Blathering

11

It was early evening and starting to get dark outside. We were onto our eighth pint. The man and I had moved from the bar and were sat in the corner of the room on the right hand side as you walk into the pub. We had been joined by a blonde man whose surname when I caught it was Hegarty. There were empty glasses on the table in front of us.

The man and Hegarty were talking and they had slipped into their accents and apart from the odd word I couldn’t follow them although it was apparent they were talking about ‘some feckin’ idiot who lost his cow.’

My tongue felt thick at the back of my throat  If they’d asked me a question it felt too full for me to get out an answer and the walk up to the bar for another pint looked to be too far.

The man looked at me. Despite the drink his eyes were still blue and clear.

‘Don’t fall asleep now. There’s the rest of the evening to come and then you can walk back to your cottage for your bed. A day like this is not a great deal. Feck it might slow you down a bit but you can still walk.’

‘His father,’ he looked over at Hegarty. ‘His father would stop here a dozen times over the day before stopping for the night. His farm was up the hill there along the side of the stream and he’d a field back there beyond where you are on the left up from the sea. So if he was working he’d have to take his tractor from the farm down to the field and back again. His first pint would be set up as they opened the curtains in the morning and then as he drove past through the day he’d stop for another. Feck if he was working hard he could be past the place a dozen times before six in the evening and as he worked harder there were more times to stop.’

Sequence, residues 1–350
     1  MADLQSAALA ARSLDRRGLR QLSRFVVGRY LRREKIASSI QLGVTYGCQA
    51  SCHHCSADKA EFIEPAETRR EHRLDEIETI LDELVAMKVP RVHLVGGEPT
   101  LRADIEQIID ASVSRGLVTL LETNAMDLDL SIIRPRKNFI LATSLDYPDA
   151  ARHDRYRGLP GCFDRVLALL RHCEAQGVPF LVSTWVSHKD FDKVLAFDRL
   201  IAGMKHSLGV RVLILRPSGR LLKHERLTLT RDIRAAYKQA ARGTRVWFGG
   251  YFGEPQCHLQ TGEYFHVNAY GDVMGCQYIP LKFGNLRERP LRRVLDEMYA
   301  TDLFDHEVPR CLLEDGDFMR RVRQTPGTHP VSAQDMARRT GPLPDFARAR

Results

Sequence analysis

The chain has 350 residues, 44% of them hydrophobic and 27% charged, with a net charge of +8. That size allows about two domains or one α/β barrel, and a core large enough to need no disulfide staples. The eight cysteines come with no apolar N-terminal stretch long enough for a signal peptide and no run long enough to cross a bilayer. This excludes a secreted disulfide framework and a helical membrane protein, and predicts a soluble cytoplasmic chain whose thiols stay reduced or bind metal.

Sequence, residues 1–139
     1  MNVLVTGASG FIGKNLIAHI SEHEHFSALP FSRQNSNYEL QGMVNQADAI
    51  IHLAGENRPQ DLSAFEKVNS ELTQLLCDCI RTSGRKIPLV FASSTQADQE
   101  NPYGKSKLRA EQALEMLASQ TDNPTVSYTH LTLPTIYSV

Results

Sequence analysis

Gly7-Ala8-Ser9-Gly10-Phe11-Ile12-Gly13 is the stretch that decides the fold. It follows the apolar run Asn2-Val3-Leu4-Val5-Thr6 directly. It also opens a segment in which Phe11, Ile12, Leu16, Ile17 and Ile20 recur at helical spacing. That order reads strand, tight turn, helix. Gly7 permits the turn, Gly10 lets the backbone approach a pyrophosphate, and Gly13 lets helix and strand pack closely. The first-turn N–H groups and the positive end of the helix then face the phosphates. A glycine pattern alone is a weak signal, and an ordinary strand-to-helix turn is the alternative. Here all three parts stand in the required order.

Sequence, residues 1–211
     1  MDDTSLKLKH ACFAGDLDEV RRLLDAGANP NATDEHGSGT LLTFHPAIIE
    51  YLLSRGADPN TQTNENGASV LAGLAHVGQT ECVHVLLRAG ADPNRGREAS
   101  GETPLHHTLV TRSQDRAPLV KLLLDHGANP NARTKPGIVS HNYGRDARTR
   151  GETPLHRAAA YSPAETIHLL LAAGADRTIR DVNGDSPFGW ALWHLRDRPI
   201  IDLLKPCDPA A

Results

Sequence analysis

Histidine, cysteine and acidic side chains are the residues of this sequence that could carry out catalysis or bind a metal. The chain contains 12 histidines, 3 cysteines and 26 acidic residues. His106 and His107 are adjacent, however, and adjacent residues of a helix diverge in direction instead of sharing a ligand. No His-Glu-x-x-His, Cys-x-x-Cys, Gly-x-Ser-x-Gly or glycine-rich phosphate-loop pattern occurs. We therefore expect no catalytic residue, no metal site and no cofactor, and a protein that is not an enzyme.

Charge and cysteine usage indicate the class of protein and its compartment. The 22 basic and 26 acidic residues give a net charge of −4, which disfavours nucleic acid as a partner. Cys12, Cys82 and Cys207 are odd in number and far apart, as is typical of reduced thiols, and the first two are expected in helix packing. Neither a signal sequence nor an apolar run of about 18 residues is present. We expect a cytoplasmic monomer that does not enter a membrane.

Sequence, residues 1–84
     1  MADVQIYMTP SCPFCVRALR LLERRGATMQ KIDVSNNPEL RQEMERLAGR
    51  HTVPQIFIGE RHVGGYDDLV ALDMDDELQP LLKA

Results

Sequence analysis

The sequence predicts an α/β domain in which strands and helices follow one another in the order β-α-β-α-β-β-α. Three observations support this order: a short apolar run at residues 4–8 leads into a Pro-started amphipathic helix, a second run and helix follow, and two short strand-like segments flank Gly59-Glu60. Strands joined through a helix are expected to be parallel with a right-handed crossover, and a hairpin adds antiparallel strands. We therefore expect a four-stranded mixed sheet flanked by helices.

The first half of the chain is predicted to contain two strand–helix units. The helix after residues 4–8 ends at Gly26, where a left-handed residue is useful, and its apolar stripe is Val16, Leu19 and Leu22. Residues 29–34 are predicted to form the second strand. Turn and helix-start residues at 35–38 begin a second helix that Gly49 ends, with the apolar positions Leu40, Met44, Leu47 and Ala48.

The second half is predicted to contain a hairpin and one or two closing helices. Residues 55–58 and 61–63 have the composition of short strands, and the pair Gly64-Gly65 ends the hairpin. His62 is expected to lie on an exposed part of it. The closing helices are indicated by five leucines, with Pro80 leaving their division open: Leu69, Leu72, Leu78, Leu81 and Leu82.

‘He’d only be in for 12 minutes. Six minutes for them to draw down his pint, three minutes for the first drink and another three minutes to finish it off. So if he was drinking ten pints that would only be two hours out of the day. Not enough time to notice.Then he’d finish his work at six and would be here to relax and take a bit more time over his pints. That didn’t stop him from drinking them but he’d allow more than the three minutes to finish them.’

‘Once he was done for the evening then he’d climb back into his tractor to go home for something to eat. There were no lights on the feckin’ thing but he swore that he’d been doing it so long he could do it with his eyes closed and if he was here for a long night that’s how he was. If people worried he’d tap their head and swear to drive the thing slowly.’

‘But there was one year he missed the turn for the road up the hill and got onto the back road to Durrus. He had to walk home that night and he didn’t get there ’til past four in the morning all covered in black mud. It took them another three days to find the tractor. He’d got it stuck up the top of the hill down by one of the cuts where they used to cut peat. He had to drive his cows up there to help pull it out he got it stuck there so deep’

He turned his eyes back to Hegarty and I was lost from the words again as they went back to the ‘idiot cows lost on the hill.’ There was another full pint in front of us now and I took my pull at it and sat back on the bench my head against the thick hard blue wool of the man’s jumper.

I closed my eyes and thought of mackerel drinking pints and what they would taste like.

13

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